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Shaun Gorneau last won the day on September 29 2020

Shaun Gorneau had the most liked content!

Shaun Gorneau

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Shaun Gorneau last won the day on September 29 2020

Shaun Gorneau had the most liked content!

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About Shaun Gorneau

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  • Birthday May 31

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  1. Hi @momciloo, I think, perhaps, you would be better off with a timeline in this case rather than competing tweens. https://codepen.io/sgorneau/pen/abZgrRR?editors=1010
  2. Hi @PG1, You could use onUpdate to check the tween's progress and apply the front class where needed. https://codepen.io/sgorneau/pen/xxOBjRz Hope this helps!
  3. Good lord ... Monday fog brain here ... I was chaining simple tweens as if I was working with a timeline. 😕
  4. Oh geeze .. yeah, I was chaining some calls and forgot that last semicolon. Doh! 🤦‍♂️
  5. The problem (as it appears to me) is that you are calling stagger on each individual '.box' ( within the forEach ) rather than on any array of matches.
  6. Hi @dhaliwallambi, There's a few things you can do, and here is one of them. Use JS (in this case jQuery since you're already using it) to wrap the element in a container. Along with that, you'll want to do a few other things, namely these: Remove the function callParallax(e) Because it's not really doing anything you can't pass directly to parallaxIt(e, target, movement) Furthermore, you can remove the argument `target` and just use the target property of the event function parallaxIt(e, movement){ var $this = $(e.target); And lastly, make sure
  7. It's doing what GSAP does ... tweening a numerical value (which it found in the filename) over a duration. While that's not your intention, it is actually what GSAP does. So, my question is, what effect are you trying to achieve over those 5 seconds? Are you looking to fade one image into another?
  8. Without knowing what you're doing, I feel compelled to say it's not a bug of any kind. Post your relevant code to CodePen and we can give you a better answer. My guess, since what you're looking at in terms of filenames are ascending values, is you're tying the image call to the tween's progress, which goes from 0 to 1.
  9. The thing here is that the title (Sticky Title, I'm assuming) is in a position:fixed inside a position:absolute inside a position:absolute inside a position:relative (etc.) ... anything but static. Each of these is squeezing the scope of z-index. If it has to be there from a markup standpoint, I would advise, once reached, you use a bit of DOM manipulation to break it free from the positioned parents and let it live closer to the surface of the overall parent container.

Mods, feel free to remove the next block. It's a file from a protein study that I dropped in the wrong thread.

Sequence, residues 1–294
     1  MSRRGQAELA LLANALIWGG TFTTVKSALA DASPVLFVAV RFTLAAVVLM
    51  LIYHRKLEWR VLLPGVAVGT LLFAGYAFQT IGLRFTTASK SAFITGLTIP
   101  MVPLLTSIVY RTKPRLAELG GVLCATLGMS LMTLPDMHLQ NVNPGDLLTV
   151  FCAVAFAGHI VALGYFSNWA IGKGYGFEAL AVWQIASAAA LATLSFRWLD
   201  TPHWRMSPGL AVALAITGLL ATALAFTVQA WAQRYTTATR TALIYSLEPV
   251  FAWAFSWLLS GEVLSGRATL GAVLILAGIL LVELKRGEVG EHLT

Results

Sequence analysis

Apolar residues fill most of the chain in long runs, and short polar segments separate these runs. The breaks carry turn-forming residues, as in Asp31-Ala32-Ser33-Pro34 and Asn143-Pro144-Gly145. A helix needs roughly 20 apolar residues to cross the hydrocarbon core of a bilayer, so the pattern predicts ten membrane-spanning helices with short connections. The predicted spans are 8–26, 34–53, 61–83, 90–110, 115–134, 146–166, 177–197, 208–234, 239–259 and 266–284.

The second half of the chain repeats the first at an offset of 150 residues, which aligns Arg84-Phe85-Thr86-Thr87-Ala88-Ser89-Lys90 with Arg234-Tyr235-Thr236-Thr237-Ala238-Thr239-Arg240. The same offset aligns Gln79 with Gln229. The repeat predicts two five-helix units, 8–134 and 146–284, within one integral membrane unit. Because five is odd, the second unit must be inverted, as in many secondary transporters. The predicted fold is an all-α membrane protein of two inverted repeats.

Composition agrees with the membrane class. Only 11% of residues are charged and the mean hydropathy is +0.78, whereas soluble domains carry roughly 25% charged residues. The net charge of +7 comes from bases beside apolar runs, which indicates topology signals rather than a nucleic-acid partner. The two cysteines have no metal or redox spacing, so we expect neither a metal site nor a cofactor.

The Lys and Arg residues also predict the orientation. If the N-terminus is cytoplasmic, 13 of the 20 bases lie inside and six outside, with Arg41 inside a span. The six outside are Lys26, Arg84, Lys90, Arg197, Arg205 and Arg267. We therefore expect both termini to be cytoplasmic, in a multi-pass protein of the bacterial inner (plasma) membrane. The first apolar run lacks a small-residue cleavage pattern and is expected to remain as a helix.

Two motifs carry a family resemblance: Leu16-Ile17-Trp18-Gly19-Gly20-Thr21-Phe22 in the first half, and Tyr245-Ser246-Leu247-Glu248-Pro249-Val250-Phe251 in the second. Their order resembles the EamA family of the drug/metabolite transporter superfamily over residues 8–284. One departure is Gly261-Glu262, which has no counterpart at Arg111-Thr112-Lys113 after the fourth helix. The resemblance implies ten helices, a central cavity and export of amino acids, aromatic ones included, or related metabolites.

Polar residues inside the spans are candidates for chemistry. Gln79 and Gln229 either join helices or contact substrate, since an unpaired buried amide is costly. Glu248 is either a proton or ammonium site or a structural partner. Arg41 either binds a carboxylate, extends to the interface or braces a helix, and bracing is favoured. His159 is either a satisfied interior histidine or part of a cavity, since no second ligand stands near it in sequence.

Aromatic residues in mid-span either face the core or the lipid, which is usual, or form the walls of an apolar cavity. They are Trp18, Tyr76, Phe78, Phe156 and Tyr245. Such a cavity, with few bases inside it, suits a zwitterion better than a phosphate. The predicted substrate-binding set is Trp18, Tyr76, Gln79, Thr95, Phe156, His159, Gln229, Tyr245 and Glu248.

10. You could do something like this. https://codepen.io/sgorneau/pen/zYqVPWa If you ever need to run the full sequence again, just set tl.runOnce=false as part of the call.
  11. I'm not sure what you mean by "in the wrong positions". If what you mean is they are not fully out of the parent container and seem to "jump" prematurely, it's that you are not tweening them far enough. The container is three times the width of the element, moving from the center third by xPercent 100 will only move it to the right 3rd of the container (100% of the element's width). So 200% will get its left edge out of the container. As far as repeating the tween, you can do this all with one timeline and add reapat: -1 to the timeline's properties. https://codepen.io/
  12. You know, there are times where I say to myself ... "why did I even use jQuery for this". This is one of those times 🤣
  13. Hi @MitchellG, because X and Y move irrespective of positioning (and therefor aren't bound by relative parents), we just have to calculate where the top/left coordinate of the parent is, and move there. But, there are quite a few things that can get in way of this ... and your grid layout is one of them. The best thing to do is to start with a layout in the final position (with the added advantage that this position is what people would see if Javascript failed for some reason) and then use GSAP to tween from another location to the default position. https://codepen.io/
  14. Hi @gotofig2, This is just a matter of your selector specificity ... along with scope within the callback. https://codepen.io/sgorneau/pen/GRZaRqJ Using .nav-item as your selector for onmouseenter/leave and $(this), you can target the hovered element. Also, event.currentTarget is pure Javascript (not specific to jQuery), but I'm not sure if you were implying that it was a jQuery thing. -- Some other notes ... putting a scale or autoAlpha of 0 on something will put it out of reach of a hover/mouseenter event (and event.targ